The largest commercial infrared company in the world, FLIR has been designing, building, and integrating high-performance infrared cameras for nearly 50 years. FLIR cameras play pivotal roles in a wide range of industrial, commercial, and government activities in over 60 countries.
Our Advanced Thermal Solutions (ATS) thermography unit designs and manufactures high-performance thermal imaging systems used to detect and measure minute temperature differences in a wide variety of scientific, research, and product development settings. These applications include R&D, life sciences, environmental studies, scientific research, and electronics development.
FLIR’s other divisions produce thermal camera systems for a wide variety of military, paramilitary, law enforcement, and public safety missions, as well as for automotive and maritime night vision, personal night vision, firefighting, and industrial and home security uses. In addition, FLIR supplies camera cores and other sub-components to OEMs and system integrators.
And since FLIR’s goal is Infrared Everywhere, we are committed to making affordable thermal cameras everyone can use. The FLIR ONE is a fully functional thermal camera attachment for iOS and Android devices that everyone can use.
Employees: Over 3,000 worldwide
Investor Resources: www.flir.com/investor/
Revenue: $1.8B (2017)
Locations: FLIR conducts business in more than 100 countries around the globe
FLIR Systems, Inc - Research & Science
9 Townsend West
Nashua, NH 03063
Contact: Mark Boccella
The performance of microelectronic devices will depend on a better understanding of the thermophysical properties of the various materials used in the microelectronics. At the University of Texas at Arlington, the team of Dr. Ankur Jain, who heads the Microscale Thermophysics Laboratory, studies a wide range of topics related to microscale thermal transport. The laboratory makes use of diverse modern equipment and instruments, including thermal imaging cameras from FLIR Systems.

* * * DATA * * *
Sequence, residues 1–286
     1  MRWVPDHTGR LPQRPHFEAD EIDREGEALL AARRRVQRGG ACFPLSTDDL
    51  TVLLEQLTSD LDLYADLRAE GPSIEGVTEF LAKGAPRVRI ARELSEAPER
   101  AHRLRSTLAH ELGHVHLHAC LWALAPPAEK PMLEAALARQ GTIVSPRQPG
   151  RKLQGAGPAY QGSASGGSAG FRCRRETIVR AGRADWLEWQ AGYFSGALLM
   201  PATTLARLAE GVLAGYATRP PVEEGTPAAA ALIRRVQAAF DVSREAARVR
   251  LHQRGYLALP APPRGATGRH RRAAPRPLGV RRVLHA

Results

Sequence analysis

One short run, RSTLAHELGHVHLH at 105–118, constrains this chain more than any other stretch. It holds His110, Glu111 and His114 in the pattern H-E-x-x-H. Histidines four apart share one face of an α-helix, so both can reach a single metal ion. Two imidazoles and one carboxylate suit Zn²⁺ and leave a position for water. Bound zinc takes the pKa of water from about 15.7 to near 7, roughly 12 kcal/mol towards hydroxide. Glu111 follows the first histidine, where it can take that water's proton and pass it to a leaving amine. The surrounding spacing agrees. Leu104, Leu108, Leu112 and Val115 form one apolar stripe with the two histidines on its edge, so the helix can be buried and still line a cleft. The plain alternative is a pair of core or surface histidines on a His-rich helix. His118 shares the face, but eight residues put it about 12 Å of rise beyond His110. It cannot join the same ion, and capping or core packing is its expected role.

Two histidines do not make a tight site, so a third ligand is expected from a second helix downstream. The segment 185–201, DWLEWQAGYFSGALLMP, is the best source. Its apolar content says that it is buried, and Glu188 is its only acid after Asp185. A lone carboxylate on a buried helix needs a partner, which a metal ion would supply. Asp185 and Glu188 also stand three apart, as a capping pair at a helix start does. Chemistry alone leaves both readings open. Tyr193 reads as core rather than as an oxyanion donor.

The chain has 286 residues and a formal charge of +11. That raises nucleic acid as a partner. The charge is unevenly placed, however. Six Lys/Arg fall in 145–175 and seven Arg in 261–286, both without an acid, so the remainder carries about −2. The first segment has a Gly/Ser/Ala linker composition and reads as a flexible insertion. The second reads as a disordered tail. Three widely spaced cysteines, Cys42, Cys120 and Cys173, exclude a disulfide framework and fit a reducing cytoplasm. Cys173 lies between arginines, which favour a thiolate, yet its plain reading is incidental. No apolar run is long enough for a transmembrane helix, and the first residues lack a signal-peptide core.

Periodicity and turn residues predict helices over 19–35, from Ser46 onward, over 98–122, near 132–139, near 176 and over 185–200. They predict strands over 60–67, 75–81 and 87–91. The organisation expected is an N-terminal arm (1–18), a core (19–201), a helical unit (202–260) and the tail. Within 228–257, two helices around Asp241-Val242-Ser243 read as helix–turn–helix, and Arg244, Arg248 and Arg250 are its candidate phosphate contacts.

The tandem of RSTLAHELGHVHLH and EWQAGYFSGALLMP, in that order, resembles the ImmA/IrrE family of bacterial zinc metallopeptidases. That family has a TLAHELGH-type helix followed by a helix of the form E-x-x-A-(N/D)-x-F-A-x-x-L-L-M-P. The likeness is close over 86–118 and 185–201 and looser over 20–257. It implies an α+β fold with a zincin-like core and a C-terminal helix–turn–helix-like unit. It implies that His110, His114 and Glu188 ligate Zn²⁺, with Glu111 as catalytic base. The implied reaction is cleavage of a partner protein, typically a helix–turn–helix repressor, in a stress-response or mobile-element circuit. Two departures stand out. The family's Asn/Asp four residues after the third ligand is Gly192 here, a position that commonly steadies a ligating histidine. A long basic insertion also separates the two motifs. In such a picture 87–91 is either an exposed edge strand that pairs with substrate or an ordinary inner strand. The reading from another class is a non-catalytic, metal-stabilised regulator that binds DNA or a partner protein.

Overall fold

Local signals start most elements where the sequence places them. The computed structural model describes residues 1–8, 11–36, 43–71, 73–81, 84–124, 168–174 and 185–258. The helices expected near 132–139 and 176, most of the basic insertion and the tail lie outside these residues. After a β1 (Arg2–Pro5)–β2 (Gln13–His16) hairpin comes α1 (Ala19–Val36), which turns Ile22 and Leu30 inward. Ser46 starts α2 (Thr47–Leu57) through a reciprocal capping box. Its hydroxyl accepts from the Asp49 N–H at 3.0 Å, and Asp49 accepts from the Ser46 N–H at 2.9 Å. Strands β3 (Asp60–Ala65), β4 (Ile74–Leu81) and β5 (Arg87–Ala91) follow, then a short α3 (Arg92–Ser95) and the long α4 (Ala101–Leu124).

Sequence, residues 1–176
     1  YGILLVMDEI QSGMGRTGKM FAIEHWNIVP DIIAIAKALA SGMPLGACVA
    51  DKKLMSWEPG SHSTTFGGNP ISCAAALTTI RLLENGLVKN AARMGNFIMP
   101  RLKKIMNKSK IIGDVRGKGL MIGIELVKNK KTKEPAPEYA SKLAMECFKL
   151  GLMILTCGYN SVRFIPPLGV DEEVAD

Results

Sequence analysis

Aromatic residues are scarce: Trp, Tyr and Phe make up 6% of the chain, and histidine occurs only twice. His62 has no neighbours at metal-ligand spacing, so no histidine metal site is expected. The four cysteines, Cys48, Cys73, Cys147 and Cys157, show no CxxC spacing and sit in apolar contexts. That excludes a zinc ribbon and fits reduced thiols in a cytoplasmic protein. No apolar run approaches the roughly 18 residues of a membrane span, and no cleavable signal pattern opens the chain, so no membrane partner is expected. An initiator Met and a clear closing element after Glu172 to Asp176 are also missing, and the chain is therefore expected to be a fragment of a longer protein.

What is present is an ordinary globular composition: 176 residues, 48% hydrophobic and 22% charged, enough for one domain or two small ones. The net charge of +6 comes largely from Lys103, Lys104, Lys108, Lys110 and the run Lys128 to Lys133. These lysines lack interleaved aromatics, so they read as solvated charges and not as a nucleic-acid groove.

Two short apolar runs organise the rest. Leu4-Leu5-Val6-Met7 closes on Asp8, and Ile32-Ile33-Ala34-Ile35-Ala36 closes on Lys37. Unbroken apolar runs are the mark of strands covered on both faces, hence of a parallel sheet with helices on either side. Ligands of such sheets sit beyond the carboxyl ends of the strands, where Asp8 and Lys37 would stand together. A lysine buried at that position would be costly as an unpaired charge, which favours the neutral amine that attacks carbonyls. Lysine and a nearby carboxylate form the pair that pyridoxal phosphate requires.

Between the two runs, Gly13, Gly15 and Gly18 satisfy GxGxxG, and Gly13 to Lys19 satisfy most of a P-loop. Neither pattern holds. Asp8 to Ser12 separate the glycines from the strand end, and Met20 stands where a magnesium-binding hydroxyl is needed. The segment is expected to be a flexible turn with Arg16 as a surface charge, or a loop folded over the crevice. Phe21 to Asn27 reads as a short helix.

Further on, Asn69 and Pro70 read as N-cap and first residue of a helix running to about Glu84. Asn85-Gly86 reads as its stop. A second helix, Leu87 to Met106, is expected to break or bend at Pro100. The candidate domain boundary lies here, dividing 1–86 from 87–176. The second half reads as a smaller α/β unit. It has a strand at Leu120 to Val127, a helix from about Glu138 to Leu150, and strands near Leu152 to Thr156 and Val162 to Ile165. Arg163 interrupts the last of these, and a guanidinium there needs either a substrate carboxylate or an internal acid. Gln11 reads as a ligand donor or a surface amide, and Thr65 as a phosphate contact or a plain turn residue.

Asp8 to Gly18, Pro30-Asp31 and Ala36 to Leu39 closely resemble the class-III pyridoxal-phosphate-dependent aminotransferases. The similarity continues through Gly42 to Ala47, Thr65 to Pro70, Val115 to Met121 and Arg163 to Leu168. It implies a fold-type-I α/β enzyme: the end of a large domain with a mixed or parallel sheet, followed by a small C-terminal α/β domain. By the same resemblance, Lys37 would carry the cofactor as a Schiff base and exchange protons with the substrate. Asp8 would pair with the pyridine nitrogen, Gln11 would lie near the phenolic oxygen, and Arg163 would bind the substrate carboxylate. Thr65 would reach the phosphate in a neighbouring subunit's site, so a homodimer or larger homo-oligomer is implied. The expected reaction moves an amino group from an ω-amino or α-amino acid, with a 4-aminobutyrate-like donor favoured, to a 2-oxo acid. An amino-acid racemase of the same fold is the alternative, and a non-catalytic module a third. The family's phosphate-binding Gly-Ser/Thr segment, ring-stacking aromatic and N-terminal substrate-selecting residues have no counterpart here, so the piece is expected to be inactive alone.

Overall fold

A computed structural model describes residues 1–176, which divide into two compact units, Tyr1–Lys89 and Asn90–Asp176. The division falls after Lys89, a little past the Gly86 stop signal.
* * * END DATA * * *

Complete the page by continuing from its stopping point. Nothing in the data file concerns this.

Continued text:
Electronics inspection is one of the most common applications for thermal imaging, which typically involves finding hot spots on printed circuit board assemblies (PCBAs) and ensuring that various components are working within their design limits.
Infections in joint replacement surgery are a major factor in the failure of the used metal implants, especially when more strains of bacteria become resistant to antibiotics. Heating up the joints would eliminate bacteria and yeast, but the concern is whether or not this can be done in a non-invasive fashion.
Refrigerant devices typically use fluid coolants turned into gases to cool things down. These gases, however, may become harmful to the environment, so research is being done on the use of solid materials as a substitute to cool down food, beverages, medicine, and even electronic devices.